On the one hand, the collection is a sincere tribute to the “Catholic imagination” in its capacity as a fount of inspiration for designers such as Galliano and Versace, both of whom feature in the exhibition in the section that explores the impact of Byzantine mosaic on fashion. This element of the exhibition bespeaks the ongoing significance of the ornate, gilded facet of Catholicism; in many instances, contemporary fashion has appropriated the trappings of surplus and splendor that are endemic to Catholic ritualism, and which bespeak God’s boundless power. Another element explores the converse, the creative influence of the severe, self-effacing uniforms associated with monastic orders, and which actor/director Greta Gerwig’s conventual The Row gown in some ways exemplified.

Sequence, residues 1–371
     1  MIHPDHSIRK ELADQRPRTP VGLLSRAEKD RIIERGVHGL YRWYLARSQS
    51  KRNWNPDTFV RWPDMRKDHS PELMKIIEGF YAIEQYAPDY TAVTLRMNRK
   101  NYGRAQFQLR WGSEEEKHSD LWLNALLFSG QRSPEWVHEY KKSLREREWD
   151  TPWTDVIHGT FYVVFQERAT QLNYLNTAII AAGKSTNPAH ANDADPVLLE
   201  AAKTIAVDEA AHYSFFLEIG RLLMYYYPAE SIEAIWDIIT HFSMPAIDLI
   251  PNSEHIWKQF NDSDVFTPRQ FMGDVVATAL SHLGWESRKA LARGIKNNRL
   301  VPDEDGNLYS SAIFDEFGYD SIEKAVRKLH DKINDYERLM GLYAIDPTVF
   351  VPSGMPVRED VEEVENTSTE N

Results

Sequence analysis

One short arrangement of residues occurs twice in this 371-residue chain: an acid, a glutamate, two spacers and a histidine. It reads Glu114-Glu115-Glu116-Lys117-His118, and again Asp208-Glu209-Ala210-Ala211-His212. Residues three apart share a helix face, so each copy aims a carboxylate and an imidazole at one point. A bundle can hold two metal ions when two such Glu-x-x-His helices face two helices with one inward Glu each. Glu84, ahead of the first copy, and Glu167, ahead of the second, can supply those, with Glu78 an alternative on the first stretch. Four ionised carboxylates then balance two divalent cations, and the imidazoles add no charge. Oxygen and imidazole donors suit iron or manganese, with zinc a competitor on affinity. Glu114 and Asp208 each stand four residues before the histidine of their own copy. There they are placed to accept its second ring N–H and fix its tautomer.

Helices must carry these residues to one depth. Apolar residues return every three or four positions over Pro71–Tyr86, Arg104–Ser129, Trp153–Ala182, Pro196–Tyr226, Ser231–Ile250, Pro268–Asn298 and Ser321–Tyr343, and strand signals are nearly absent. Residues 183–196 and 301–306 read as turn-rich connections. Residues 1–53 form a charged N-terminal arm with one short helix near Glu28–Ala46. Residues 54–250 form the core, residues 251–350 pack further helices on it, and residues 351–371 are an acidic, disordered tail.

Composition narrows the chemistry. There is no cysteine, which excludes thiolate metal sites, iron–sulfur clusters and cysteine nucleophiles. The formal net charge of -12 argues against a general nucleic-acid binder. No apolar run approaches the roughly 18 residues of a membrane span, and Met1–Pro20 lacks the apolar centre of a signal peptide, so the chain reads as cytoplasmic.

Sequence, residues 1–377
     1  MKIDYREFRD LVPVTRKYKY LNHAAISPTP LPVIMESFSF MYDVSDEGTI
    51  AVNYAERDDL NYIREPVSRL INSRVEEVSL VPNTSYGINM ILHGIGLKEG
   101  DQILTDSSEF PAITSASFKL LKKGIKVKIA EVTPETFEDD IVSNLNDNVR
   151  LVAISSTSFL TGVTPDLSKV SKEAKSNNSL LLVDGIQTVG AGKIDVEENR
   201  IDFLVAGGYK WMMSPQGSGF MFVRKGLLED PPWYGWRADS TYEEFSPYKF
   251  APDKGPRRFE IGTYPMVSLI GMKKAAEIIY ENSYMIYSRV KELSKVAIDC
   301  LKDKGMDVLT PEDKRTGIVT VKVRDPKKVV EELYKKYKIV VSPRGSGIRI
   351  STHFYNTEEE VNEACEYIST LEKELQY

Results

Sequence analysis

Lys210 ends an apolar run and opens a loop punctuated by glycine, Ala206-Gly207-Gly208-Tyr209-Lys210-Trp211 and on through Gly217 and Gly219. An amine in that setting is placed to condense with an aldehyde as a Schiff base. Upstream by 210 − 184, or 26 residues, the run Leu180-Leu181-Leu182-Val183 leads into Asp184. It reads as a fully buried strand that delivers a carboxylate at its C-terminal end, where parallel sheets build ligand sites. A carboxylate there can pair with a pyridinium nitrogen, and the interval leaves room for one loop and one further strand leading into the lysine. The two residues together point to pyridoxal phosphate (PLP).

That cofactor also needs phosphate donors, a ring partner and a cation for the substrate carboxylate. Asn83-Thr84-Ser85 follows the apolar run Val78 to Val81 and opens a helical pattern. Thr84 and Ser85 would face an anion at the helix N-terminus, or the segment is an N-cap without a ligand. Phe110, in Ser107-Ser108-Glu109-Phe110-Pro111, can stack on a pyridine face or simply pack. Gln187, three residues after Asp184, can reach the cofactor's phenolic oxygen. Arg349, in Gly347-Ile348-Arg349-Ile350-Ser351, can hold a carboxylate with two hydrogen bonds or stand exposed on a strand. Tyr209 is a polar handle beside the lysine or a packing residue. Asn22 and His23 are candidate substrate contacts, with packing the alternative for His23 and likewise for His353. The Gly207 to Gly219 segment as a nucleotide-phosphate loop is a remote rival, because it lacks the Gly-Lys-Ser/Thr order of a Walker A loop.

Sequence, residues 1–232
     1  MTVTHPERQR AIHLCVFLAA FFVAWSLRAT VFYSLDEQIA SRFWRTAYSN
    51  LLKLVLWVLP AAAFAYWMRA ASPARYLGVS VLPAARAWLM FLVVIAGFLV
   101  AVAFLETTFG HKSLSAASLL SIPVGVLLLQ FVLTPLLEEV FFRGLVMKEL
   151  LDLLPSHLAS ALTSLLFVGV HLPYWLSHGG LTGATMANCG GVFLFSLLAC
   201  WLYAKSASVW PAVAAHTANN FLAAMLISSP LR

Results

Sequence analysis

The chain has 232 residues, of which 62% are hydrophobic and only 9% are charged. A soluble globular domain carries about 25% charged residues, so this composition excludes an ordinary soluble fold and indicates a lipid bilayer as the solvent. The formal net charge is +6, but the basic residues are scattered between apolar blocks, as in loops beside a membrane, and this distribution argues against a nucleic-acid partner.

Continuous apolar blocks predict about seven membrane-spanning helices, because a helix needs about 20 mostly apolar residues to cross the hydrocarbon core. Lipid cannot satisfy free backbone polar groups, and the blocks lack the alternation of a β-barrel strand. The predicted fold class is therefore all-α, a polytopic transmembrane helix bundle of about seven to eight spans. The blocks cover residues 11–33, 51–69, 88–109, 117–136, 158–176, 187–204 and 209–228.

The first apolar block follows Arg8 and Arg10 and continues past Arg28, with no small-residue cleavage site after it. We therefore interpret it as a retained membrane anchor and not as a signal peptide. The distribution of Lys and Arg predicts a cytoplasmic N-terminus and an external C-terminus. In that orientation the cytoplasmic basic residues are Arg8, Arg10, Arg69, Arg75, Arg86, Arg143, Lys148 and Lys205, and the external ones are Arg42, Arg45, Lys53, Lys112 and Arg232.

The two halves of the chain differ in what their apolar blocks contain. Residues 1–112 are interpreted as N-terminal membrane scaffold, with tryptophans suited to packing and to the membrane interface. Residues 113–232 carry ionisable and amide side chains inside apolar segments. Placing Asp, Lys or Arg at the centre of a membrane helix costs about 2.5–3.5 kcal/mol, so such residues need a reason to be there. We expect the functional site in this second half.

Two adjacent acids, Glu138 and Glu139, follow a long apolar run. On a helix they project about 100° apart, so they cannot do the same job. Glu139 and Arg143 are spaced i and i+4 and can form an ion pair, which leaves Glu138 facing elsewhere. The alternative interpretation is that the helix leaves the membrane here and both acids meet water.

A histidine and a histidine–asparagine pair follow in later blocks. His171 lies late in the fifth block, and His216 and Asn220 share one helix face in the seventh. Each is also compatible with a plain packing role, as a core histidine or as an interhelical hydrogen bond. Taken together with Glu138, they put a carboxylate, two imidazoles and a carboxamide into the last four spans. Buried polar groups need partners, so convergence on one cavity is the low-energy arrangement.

On the other hand, though, there is something decidedly subversive about Bolton’s tour de force, in spite of the fact that the exhibition has clearly been endorsed by the Vatican. By placing religious paraphernalia in the superficial, materialistic context of the fashion industry, the curators have effectively destabilized their sacrosanctity.
Like Rihanna’s daring Margiela ensemble, the exhibition subtly invites spectators to critique the seemingly inviolable theatricality of Catholic ritualism, to which costume has always been integral, and which paradoxically translates divine omnipotence into the earthly language of scintillating opulence. Accordingly, one is compelled not only to consider religious vestments as the progenitors of couture, but also to construe items of couture in terms of religious vestments, in an age in which we worship acquisition and idealize wealth.
WATCH | Moments from the red carpet at the 2018 Met Gala: